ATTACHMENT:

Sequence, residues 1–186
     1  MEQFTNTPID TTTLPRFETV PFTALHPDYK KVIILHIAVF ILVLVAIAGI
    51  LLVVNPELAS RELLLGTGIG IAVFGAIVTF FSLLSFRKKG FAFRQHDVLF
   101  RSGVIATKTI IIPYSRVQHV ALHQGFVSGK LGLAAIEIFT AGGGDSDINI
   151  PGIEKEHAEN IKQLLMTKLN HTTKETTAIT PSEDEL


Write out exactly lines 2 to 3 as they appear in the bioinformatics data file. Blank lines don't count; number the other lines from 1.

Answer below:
     1  MEQFTNTPID TTTLPRFETV PFTALHPDYK KVIILHIAVF ILVLVAIAGI
    51  LLVVNPELAS RELLLGTGIG IAVFGAIVTF FSLLSFRKKG FAFRQHDVLF